fig and honey sugar cookies

I did the coziest things this past weekend.  I babysat my tater tot of a nephew, took a nyquil induced nap on my parent’s couch, and ate homemade focaccia and sugar cookies like it was going out of style.

To be fair, these cookies were supposed to make it to a wine and cheese party but I was down for the count when the day came.  I did the polite thing and spared everyone my germs and then ate all the cookies.Cold aside, it’s sugar cookie season and I’m going all in. I’ll take them crispy or cakey, frosted or unfrosted, everyone is invited to the party.  My aunt has the most glorious sugar cookie recipe that has such a high ration of butter, if you don’t move quickly the dough essentially melts onto the counter as you cut them out.  Running from flour dusted counter to oven is the closest thing I get to an extreme sport. This particular recipe is nothing like that at all.  The soft dough comes together in a stand mixer and is then easily rolled into balls and baked or frozen for a later date.  There’s half a block of cream cheese in the dough which adds a lovely and rich texture that keeps them soft and chewy for days. Fig and honey is also a combination that I really want everyone to experience on a sugar cookie. Growing up I got down with fig newtons and I won’t lie, I still happily buy the semi-stale two packs they sell at the hospital cafeteria.

I promise these are better than that. These are actually quickly becoming my favorite cookie.  Though to be fair, the most recent cookie I’ve eaten usually is my favorite cookie.

The simple and nostalgic cookie base with a choose-your-own-adventure frosting is a combination I am obviously a fan of. Figs are the warming spices of dried fruit (<– an analogy no one has ever asked for.)  Without having any spices added, they truly taste like cinnamon and cloves and cozy.  The honey adds more depth than sugar alone and figs and honey are a classic pairing. To be fully transparent, I had never had figs with honey before but I’m so glad this is the introduction to that flavor education.

fig and honey sugar cookies

(cookie base from the kitchn)

cream cheese cookies

1 1/2 cups flour

1/2 teaspoon baking powder

1/2 teaspoon baking soda

1/4 teaspoon salt

1/2 cup unsalted butter, room temperature

4 oz cream cheese, room temperature

1 cup sugar

1 egg

1 teaspoon vanilla extract

fig syrup

1/3 cup roughly chopped dried figs (I used the turkish figs from trader joes)

1/4 cup water (1-2 tablespoons more if needed)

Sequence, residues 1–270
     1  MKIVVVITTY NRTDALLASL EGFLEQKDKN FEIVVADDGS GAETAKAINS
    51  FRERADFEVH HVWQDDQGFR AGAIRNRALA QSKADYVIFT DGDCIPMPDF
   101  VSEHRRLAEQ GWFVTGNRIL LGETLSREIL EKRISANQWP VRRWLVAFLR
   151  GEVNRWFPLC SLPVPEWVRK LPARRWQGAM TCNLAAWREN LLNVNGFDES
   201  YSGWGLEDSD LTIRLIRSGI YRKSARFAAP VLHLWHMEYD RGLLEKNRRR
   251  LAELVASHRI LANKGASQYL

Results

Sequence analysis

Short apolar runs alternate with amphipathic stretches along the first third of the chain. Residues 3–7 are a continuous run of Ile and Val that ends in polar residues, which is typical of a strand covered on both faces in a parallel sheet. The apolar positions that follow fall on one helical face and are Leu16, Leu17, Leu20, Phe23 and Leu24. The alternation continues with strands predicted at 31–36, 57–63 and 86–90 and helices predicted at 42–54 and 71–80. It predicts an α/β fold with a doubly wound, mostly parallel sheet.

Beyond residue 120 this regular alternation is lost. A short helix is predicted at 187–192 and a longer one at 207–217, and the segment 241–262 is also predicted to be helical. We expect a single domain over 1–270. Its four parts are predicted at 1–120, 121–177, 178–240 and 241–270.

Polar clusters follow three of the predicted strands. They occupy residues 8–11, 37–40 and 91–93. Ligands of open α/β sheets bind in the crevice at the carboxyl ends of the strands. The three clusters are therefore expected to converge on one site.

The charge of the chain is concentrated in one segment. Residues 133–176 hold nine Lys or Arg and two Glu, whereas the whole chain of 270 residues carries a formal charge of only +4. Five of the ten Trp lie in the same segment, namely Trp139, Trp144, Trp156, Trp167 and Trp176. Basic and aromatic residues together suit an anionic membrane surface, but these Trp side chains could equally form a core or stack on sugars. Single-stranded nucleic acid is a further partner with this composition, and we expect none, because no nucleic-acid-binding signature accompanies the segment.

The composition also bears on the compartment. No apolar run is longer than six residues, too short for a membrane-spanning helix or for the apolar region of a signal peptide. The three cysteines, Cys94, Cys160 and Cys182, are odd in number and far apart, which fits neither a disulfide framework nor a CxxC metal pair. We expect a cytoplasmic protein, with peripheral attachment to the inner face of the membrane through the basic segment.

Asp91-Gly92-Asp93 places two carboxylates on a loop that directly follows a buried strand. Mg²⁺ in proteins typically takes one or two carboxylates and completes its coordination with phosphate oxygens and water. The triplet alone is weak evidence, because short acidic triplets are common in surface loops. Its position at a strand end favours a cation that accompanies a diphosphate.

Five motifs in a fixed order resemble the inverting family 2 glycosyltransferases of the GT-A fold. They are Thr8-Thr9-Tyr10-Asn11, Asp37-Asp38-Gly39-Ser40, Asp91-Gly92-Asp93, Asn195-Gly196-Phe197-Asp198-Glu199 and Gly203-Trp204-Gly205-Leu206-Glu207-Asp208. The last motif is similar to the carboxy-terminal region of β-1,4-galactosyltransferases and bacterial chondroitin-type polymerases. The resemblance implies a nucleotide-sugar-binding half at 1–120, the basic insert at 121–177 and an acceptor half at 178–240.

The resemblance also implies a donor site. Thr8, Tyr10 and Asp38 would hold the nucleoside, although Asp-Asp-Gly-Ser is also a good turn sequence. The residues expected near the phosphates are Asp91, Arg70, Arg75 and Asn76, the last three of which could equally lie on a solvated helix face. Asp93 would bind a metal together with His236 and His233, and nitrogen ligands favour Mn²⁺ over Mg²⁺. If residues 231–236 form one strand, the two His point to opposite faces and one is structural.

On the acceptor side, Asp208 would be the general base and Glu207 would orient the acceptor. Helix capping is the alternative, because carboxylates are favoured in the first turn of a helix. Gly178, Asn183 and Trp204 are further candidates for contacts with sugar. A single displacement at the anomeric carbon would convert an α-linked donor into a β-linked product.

1 tablespoon sugar

fig and honey icing

1 tablespoon fig syrup

1 teaspoon honey

1 cup powdered sugar

1-2 teaspoons water


If baking right away, preheat your oven to 350 and line two baking sheets with parchment paper.

In a medium bowl, combine the flour, baking powder, baking soda, and salt.  In your stand mixer, beat the butter, cream cheese, and sugar together until light and fluffy.  Add in the egg and vanilla until combined, followed by the flour mixture, scraping down the sides of the bowl as needed.

Store the dough in the fridge for about 20 minutes to firm up a bit.  Next, roll into balls about 1 1/2 tablespoons each and place on the baking sheet.  If you’re not baking right away, put the dough balls in the freezer for about an hour until frozen and then store in a freezer safe bag or container.

When ready to bake, place the cookie dough balls 2 inches apart on the baking sheet and bake 9-10 minutes.  This will take slightly longer if baking from frozen.  You’ll also want to rotate the pan half-way through baking to get an even color.  The cookies are done when they’re slightly golden around the edges.

While your cookies cool, make your fig syrup.  In a small saucepan, combine the chopped figs, water, and sugar.  Let these simmer together and for 5-10 minutes until it resembles a fig jam texture, pressing the fig pieces with your spoon as you go.  If it seems too dry, add another tablespoon of water.

Once fragrant and jammy, press the mixture through a sieve with a medium bowl underneath to catch the fig syrup.  You should get about one to two tablespoons of this in the bowl.  This is the bowl you will mix your frosting in so once your cookies are fully cooled, whisk in the powdered sugar and honey into your fig syrup.  Add a teaspoon of water at a time if your frosting is too thick.

Spread the frosting over your cooled cookies and give them a few minutes to set up.

Enjoy : )

*I couldn’t find fresh figs so I did this with dried and it worked out just fine, though I imagine fresh figs are dreamier.  I will update the recipe if I get to try that.

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